GOSH! I was not expecting this flavour! It so sweet and sugary and more honey! That’s the first thing I get. The next thing is a sort of cereal-ness. It makes me think of Cheerios. It’s the combination of the grainy notes and honey notes that does it. I can actually even imagine that I can taste milk as well, probably since, if you think about it, milk has a pretty sweet flavour as well. Finally there is something vegetal in it that reveals the green origins. I can’t quite put my finger on that note, but I get a random association to spinach. There that’s because I actually taste spinach in it or whether it’s because spinach is one of the things I just generally connect with green tea flavours, I couldn’t tell.

All in all, this roasting was not at all as harsh as I had expected. I found it quite enjoyable, and I think it’s definitely a type of tea that I need to look into more. I think I rather need this in my life. (Should have a closer look at hojicha as well, actually.)

Roughage

I really like that your cat wants to be a part of the Steepster experience. Mine tries to stop me posting by sitting in front of the computer screen.

I am now intrigued by this tea too. I am undecided about roasted teas because I have found them intriguing but I need to be in the right mood to properly enjoy them. I shall have to check this one out when next I have the money to order tea. After all, I like spinach! :-)

Kittenna

Ahahaha, I so love your posts. You and Bonnie consistently get me smiling :) I also love that your cat feels the need to contribute.

You speak of a numbering system – do you give your teas a number as they enter your cupboard, to keep track of age or something? That sounds like a really clever idea.

Angrboda

Roughage, yes I tend to let it stand when they do. :) I don’t know, I think it’s fun. :)

If you try it, it will be itneresting to see if you get the same spinach association as me. :)

Krystaleyn, as you can see some of the samples I have, I can’t remember where they came from. At one point I had a whole lot of them and didn’t know who sent me any of them. I just couldn’t keep track. I then thought up the numbering system. Everytime I receive samples from someone in a swap I give them a number and write down where they came from. This way I can see that all the samples numbered with 7, for example came from Infusin_Susan and all the ones with 8 on them came from Ninavampi. And so on and so forth.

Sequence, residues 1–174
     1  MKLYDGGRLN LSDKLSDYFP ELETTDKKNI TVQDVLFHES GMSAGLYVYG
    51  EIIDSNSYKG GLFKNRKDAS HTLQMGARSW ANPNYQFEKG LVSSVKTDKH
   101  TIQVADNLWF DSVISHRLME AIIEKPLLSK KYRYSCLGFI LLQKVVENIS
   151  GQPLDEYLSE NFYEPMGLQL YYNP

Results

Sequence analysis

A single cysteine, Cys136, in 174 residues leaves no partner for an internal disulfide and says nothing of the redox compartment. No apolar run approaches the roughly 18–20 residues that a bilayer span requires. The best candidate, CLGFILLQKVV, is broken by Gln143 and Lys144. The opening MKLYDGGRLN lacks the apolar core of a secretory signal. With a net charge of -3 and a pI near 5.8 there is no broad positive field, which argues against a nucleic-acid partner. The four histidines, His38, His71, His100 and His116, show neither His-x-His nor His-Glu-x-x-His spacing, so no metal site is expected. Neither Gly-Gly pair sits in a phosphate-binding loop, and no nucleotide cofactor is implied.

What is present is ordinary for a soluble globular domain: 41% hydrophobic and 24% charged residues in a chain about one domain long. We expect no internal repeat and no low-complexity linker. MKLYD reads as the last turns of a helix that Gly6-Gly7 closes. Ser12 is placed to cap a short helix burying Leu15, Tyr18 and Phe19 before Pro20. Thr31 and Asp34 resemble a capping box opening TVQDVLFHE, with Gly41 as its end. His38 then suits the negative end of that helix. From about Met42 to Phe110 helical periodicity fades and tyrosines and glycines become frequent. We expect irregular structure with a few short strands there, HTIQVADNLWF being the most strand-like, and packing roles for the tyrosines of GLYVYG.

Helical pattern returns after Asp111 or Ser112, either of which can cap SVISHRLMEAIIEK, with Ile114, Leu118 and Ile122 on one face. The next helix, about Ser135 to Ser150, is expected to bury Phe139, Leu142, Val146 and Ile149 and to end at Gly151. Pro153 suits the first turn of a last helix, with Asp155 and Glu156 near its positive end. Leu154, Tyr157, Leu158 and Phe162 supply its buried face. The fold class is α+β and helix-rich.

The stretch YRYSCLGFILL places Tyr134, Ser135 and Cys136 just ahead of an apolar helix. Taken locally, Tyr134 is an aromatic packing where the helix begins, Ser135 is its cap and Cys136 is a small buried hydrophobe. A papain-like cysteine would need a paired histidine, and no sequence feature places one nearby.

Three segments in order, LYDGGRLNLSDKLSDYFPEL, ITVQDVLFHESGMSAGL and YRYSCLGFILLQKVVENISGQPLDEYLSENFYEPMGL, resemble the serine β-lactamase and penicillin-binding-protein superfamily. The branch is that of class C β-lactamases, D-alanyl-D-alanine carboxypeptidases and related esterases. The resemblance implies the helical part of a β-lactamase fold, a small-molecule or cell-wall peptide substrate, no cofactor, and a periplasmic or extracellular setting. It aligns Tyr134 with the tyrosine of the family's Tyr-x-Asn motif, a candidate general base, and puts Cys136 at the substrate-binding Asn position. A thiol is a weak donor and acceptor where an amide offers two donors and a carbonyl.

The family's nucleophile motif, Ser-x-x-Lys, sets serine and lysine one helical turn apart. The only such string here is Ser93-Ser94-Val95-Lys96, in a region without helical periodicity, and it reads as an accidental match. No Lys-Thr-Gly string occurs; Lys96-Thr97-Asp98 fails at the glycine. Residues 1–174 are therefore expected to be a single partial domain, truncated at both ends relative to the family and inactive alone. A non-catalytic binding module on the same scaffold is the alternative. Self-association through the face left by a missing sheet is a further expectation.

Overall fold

DaisyChubb

Really great idea!
I’ll have to invest in little stickers when I get sett;ed and start swapping again :)

Angrboda

DaisyChubb, yes, it works really well. I’ve got a little notebook that I keep at Tea Corner. Right now I’ve only noted down name and number, but I’ve considered if it might not be a good idea in the future to also write a list of what each person sent me and when I received it.

Azzrian

Interesting – I buy my peppercorns, cinnamon and a few other select items from Mountain Rose! I have never tried their teas.

Angrboda

I think I’ve tried a few others of theirs. I seem to recall there having been more than one. I just can’t think which ones, or what I thought of them. This one is quite good, though.

Azzrian

Next time I order my regular stuff I am going to grab this and a couple others – yes they actually had a lot of tea on the site today when I looked :) I don’t know how I ever missed it lol.

Angrboda

I can sort of understand how. I haven’t been to the site, mind, so I don’t know how it looks, but if you’re used to shopping for one thing there and another thing another place, sometimes it just not occur to you that one or both places might stock both things. :) I had a look at what else they have in the Steepster database. I haven’t looked at everything, but it would appear that I enjoyed their Ancient Forest a great deal as well.

Kittenna

Your labelling idea is great! At this point, I only have samples from a few different people, and they’re labelled distinctly so I can tell who sent what (they’re also in separate piles in my room), but I probably should start some system like that soon! I have also thought of noting the date I purchased teas, so that I could keep track of their ages and whatnot.

Thomas Smith